Whistleblowers: Federal officials fear retaliation

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Whistleblowers: Whistleblowers ;federal officials fear reprisals

Federal employees doubt the effectiveness of the whistleblower system.

Federal workers are increasingly disillusioned, skeptical and disillusioned with the whistleblower, according to a recent survey. idea of ​​reporting wrongdoing in public service.

This pessimism is now more “palpable and widespread” than it was before the pandemic. As for public servants, they have become more likely to fear reprisals for whistleblowing.

Last March, the Canadian research firm Phoenix Strategic Perspectives submitted a report to the Office of the Commissioner at the #x27;public sector integrity, which investigates serious abuses in the federal government.

Commissioner Joe Friday says there is a maze of oversight mechanisms available to public servants and it can be daunting or exhausting to know where to file a complaint.

Public Sector Integrity Commissioner Joe Friday

Mr. Friday believes officials have felt more isolated and disconnected since the pandemic, making it harder to feel confident about coming forward, let alone being able to gather the kind of documentation whistleblowers need. .

Public Service Alliance of Canada President Chris Aylward says the protections in place for whistleblowers are inadequate and the regime needs to be strengthened.

“It's disheartening to see that federal workers have become more disenchanted with whistleblowing and reporting wrongdoing in the public service, but it's not surprising.

— Chris Aylward, President of the Public Service Alliance of Canada

It can be intimidating to come forward as a whistleblower. Our members are right to fear reprisals, he added. Strict measures are needed to protect workers who speak out. Instead, whistleblowers are subject to too many conditions that unnecessarily restrict disclosure.

President of the Public Service Alliance of Canada, Chris Aylward believes that measures must be adopted to protect public servants who become whistleblowers.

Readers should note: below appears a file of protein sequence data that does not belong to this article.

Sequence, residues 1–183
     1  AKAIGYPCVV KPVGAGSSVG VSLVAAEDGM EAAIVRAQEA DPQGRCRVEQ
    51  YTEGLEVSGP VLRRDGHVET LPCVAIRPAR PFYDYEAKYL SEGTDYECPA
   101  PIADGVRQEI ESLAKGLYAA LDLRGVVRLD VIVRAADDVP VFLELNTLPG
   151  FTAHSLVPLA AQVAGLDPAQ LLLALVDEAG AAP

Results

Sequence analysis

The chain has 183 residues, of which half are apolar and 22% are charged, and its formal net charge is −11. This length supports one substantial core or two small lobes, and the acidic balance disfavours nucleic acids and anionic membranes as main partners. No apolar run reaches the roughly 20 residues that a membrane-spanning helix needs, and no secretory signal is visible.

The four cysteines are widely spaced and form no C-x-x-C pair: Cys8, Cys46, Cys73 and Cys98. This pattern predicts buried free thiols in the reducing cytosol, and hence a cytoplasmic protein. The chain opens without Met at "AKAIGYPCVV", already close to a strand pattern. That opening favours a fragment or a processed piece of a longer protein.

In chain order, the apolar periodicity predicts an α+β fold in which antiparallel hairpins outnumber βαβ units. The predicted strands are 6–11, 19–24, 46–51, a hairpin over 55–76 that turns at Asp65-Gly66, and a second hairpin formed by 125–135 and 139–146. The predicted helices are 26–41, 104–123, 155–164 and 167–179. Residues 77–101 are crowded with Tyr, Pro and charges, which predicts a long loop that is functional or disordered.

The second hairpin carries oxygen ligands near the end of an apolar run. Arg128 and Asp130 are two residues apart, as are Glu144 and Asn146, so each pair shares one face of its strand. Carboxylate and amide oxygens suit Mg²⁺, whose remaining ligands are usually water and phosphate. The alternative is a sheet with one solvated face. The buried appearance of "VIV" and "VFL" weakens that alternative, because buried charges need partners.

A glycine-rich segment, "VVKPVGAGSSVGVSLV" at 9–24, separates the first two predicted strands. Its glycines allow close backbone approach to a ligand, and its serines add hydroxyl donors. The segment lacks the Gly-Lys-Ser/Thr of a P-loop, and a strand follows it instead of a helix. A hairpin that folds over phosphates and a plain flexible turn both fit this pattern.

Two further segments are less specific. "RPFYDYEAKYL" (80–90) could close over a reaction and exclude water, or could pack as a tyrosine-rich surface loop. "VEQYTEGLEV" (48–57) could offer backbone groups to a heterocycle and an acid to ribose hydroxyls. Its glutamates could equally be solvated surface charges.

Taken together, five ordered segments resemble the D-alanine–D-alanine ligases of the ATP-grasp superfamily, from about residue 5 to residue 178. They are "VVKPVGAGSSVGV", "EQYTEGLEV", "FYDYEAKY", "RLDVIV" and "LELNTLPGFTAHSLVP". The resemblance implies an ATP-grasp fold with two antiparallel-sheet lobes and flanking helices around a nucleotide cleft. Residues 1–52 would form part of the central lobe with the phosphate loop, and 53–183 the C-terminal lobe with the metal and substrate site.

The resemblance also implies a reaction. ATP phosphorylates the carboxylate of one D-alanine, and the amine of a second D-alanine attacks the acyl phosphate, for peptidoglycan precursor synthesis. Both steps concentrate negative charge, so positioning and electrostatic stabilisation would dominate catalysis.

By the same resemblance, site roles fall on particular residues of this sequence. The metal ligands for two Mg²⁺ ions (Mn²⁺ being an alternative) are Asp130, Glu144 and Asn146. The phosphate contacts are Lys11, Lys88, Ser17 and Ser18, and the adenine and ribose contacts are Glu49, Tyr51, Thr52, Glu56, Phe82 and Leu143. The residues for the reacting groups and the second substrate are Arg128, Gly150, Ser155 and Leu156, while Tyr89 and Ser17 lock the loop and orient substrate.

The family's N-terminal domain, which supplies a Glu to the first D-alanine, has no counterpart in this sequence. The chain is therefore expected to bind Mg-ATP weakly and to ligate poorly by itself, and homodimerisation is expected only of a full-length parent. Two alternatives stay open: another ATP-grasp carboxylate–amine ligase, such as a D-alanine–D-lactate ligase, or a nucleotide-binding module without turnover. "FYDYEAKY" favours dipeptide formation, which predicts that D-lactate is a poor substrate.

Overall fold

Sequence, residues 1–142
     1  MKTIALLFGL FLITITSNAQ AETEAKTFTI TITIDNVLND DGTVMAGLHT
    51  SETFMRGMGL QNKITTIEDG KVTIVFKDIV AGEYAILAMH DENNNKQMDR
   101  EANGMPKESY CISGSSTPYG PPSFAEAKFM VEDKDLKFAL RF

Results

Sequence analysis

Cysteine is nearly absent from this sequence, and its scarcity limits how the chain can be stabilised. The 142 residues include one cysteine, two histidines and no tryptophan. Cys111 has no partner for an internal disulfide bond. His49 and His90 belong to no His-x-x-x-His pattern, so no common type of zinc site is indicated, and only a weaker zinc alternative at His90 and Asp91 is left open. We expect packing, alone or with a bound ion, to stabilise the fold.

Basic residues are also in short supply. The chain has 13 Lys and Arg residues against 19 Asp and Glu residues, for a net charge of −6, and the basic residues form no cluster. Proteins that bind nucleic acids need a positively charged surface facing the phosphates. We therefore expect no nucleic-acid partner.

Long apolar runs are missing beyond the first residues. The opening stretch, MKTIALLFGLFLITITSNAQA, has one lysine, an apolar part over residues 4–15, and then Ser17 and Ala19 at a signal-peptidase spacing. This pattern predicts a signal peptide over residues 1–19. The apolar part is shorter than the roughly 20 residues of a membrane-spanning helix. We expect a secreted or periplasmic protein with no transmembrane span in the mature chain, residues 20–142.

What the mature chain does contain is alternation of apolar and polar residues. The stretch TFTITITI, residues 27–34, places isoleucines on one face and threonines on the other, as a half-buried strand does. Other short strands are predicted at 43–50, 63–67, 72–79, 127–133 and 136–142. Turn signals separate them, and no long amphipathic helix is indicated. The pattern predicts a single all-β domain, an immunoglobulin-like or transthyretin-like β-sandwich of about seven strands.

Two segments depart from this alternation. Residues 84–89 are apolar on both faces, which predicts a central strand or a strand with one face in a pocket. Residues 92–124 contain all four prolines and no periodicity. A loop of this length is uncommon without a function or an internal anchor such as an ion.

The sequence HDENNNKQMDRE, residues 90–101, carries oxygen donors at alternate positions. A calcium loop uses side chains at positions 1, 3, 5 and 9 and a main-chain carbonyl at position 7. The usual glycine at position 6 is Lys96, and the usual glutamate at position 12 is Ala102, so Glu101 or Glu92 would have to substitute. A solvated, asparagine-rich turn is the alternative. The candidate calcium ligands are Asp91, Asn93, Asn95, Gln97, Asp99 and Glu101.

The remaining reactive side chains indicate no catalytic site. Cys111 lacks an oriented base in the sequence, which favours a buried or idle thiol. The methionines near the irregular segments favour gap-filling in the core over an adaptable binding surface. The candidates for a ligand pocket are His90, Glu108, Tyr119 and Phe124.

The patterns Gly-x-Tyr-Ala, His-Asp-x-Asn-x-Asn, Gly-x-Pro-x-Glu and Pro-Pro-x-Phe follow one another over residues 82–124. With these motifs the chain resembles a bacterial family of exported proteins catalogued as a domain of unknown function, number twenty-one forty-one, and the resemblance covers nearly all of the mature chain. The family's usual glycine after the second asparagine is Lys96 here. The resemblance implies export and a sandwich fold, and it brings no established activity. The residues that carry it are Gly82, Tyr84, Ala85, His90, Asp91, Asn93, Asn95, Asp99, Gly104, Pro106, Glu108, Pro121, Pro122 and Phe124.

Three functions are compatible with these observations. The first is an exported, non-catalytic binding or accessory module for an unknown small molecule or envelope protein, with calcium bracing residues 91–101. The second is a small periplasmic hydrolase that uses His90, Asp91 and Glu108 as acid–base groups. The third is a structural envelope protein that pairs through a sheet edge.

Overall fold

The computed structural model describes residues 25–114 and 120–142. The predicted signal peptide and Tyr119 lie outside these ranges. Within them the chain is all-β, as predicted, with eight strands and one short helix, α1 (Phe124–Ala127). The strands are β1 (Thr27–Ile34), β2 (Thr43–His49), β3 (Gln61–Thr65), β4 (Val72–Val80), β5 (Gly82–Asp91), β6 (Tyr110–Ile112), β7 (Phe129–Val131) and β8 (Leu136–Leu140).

Written following From nine focus group sessions held in March, the report found that workers feared a wide variety of hypothetical repercussions, many of which were based on concerns that confidentiality could be compromised.

Among these fears are the potential negative impact on the physical or psychological well-being of the whistleblower, the lack of support, the fear of having a reputation as a troublemaker, the reduction of trust between colleagues, the creation of divisions in work teams and “damage to the image or reputation of the public service”.

Some said they feared their careers would be derailed i.e. they would receive poor reviews, be removed from certain projects, are given less challenging tasks or their workload increases.

Compared to a similar report in 2015, public servants were more likely to say that their attitude to regard to whistleblowing had changed over time. This time around, they described themselves as having become “less naïve, more pessimistic, more disillusioned, more jaded, less enthusiastic and more disillusioned”.

Workers tend to see whistleblowing as a good thing and describe whistleblowers as brave people who need encouragement and support. But they stressed that potential whistleblowers “must understand what they are being called upon to face”: it is a “long, arduous, stressful and uncertain process as to the outcome”.

Participants reported receiving better awareness and education about the process of reporting wrongdoing, but they don't trust it.

“Many felt that such changes amounted to "ostentatious virtue" or a "frontage", as opposed to genuine cultural change.

— Report excerpt

Slightly more than half of focus group participants were unaware of the existence of the office that originally commissioned this research.

That's not necessarily such a bad thing, believes Commissioner Friday.

I think if every civil servant woke up every morning and the first thing that came to him #x27;mind was to ask: "How can I bring wrongdoing to light?, it might suggest that there is more wrongdoing than we think, says- it.

Yet it is evident that many do not know how the whistleblowing process works or do not trust it if they do. “Clearly more needs to be done,” Friday stresses.

It can be frustrating to push for culture change on the fringes of an organization of 300,000 people, he says, and with no influence or authority over the service-specific internal procedures that largely govern the whistleblower system.

Yet his 35-person office has reached thousands of public servants with activities and presentations during the pandemic in an attempt to demystify this process.

In the seven years that he served as commissioner – and during his tenure as deputy commissioner and legal adviser before that – Mr. Friday claims that he never made a presentation that did not result in a follow-up with someone in the audience who was considering reporting wrongdoing.

“We are talking about something very personal, very often something that someone hasn't told anyone yet.

—Joe Friday, Office of the Public Sector Integrity Commissioner

Mr. Friday said he laments that the pandemic has reduced the ability to have face-to-face conversations.

He says he is doing his best to continue his outreach efforts.

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